Sheila and her husband Ray are small business owners. Like many small business owners they are concerned about the survival of their business given the current volatile economy. The couple has approached their financial advisor to ensure they fully understand the measures being implemented by governments as part of the economic response to the covid19 pandemic. They have also asked their advisor for other tax saving strategies for their business in the current market. Here are some strategies open to them.
1. Utilizing Government Programs
On March 25, 2020, the federal government passed the COVID-19 Emergency Response Act, aimed at stabilizing the economy and supporting Canadians. Since then, additional announcements were made with respect to the federal government’s COVID-19 Economic Response Plan. All provinces have also implemented significant measures to help businesses and individuals. Sheila and Ray might want to consider the following:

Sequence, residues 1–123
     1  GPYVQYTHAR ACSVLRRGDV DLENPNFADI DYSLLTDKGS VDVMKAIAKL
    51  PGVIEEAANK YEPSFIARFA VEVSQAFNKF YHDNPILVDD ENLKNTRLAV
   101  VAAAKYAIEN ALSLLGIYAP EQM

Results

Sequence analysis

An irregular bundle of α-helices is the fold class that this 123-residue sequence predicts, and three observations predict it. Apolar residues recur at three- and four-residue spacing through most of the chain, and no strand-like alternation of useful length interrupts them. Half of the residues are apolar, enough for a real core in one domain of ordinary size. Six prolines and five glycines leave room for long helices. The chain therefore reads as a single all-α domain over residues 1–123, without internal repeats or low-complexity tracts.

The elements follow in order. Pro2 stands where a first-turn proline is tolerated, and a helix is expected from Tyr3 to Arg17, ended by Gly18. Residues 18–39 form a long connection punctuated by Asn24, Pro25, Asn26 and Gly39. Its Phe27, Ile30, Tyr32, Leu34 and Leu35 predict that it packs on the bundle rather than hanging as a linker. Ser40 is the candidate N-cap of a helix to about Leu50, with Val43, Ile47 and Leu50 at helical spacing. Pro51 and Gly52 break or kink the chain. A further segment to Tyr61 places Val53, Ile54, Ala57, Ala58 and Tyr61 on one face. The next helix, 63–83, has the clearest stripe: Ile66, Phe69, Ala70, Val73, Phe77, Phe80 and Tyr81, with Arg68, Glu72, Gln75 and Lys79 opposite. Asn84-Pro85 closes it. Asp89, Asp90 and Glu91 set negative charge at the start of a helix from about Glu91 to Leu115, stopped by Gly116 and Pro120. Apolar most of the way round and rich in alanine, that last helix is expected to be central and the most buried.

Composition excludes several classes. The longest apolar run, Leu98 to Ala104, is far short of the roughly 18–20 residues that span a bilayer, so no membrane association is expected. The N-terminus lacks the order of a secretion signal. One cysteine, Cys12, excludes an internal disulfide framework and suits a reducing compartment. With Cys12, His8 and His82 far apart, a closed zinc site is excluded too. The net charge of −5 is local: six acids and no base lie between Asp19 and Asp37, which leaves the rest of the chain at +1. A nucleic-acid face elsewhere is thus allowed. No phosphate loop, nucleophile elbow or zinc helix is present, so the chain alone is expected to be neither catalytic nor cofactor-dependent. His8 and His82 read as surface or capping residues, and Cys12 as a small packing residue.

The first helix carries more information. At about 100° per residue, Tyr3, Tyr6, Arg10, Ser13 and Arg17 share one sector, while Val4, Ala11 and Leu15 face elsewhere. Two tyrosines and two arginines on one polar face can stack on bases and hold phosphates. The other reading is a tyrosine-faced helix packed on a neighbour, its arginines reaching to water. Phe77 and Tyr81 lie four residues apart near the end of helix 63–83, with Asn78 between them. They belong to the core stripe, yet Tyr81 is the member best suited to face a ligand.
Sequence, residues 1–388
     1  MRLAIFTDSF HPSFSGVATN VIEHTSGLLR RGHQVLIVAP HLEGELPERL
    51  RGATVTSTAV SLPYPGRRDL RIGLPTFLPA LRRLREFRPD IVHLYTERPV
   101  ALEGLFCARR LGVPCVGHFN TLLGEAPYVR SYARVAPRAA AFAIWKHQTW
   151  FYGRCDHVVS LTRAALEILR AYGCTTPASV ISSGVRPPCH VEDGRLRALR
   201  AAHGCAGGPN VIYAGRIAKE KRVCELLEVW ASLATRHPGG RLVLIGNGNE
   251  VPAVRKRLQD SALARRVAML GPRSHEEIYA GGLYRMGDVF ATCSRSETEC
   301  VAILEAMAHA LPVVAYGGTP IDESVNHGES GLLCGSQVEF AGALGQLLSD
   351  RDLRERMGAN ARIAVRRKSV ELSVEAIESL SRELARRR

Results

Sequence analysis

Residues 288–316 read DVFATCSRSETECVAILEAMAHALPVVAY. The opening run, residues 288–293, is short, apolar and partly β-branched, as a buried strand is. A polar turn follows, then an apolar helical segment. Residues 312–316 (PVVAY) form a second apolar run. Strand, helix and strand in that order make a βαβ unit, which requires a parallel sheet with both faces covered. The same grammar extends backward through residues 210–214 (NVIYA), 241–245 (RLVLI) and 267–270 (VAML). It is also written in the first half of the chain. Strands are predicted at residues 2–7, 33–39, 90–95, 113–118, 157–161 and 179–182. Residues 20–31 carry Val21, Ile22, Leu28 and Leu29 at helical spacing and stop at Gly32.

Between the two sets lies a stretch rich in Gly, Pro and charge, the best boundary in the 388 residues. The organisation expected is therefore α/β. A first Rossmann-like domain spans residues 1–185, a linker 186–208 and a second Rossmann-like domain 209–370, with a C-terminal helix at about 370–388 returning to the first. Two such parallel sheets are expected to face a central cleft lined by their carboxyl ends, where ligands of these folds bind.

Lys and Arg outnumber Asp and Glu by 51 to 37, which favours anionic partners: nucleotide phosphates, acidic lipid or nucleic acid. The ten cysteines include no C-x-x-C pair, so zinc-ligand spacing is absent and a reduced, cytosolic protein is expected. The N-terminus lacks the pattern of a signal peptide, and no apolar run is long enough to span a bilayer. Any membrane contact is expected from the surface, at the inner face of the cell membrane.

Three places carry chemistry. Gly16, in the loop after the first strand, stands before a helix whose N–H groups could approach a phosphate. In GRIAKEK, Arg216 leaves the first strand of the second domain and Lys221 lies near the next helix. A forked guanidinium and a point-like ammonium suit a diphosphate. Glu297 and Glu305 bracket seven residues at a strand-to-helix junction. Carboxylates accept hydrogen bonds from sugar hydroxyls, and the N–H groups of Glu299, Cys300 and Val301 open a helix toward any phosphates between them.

i. The Canada Emergency Wage Subsidy which will cover 75% of payroll costs for three months retroactive to March 15th for eligible employers whose revenues decrease by specified percentages in March, April or May 2020. Organizations that don’t qualify may still qualify for the previously announced 10% Temporary Wage Subsidy.
ii. The work-sharing program has been extended to 76 weeks from 38. It offers employment insurance for employees whose hours have been reduced. Business owners may consider the program to protect current cash on hand while keeping skilled employees ready to go when the economy normalizes.
iii. Apply for newly available low interest or no interest loans and look for debt servicing relief. The Canada Emergency Business Account offers bank loans of up to $40,000 - interest free for the first year - for small businesses who paid between $20,000 and $1,500,000 total payroll in 2019. Up to $10,000 may be waived for repayment.